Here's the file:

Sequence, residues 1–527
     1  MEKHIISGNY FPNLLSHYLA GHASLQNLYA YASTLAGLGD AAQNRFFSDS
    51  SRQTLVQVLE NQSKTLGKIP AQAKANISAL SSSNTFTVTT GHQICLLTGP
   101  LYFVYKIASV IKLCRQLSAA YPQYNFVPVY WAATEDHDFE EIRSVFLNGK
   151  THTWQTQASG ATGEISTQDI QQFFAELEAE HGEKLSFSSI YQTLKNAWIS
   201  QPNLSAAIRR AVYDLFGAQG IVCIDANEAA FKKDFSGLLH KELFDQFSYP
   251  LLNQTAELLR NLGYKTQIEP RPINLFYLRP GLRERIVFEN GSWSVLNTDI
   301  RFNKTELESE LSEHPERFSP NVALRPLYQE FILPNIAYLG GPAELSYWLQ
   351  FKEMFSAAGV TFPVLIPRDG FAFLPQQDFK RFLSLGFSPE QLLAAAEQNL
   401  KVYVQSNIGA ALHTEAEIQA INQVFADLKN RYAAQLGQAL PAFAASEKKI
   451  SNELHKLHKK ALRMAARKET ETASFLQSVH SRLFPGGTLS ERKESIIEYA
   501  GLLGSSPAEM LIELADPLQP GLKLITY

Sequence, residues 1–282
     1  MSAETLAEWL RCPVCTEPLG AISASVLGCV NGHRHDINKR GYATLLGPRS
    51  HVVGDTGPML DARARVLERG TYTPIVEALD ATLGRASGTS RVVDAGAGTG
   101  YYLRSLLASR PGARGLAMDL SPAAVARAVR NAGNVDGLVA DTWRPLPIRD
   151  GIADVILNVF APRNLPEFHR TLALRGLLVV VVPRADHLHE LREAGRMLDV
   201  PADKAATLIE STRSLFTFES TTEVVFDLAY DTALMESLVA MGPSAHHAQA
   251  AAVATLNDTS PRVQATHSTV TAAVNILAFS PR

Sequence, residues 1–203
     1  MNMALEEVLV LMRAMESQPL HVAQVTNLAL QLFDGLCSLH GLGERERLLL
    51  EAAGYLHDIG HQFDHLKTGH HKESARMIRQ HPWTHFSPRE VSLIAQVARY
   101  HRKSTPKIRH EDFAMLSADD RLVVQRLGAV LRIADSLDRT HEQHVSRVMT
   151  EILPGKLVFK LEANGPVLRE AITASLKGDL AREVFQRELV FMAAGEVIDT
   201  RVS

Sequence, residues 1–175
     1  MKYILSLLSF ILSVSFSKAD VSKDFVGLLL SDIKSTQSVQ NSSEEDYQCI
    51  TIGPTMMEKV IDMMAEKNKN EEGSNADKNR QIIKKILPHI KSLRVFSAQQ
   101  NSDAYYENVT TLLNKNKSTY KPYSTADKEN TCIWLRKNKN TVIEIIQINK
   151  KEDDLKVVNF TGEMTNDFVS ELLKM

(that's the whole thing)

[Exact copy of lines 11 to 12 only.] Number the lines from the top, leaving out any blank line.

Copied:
   451  SNELHKLHKK ALRMAARKET ETASFLQSVH SRLFPGGTLS ERKESIIEYA
   501  GLLGSSPAEM LIELADPLQP GLKLITY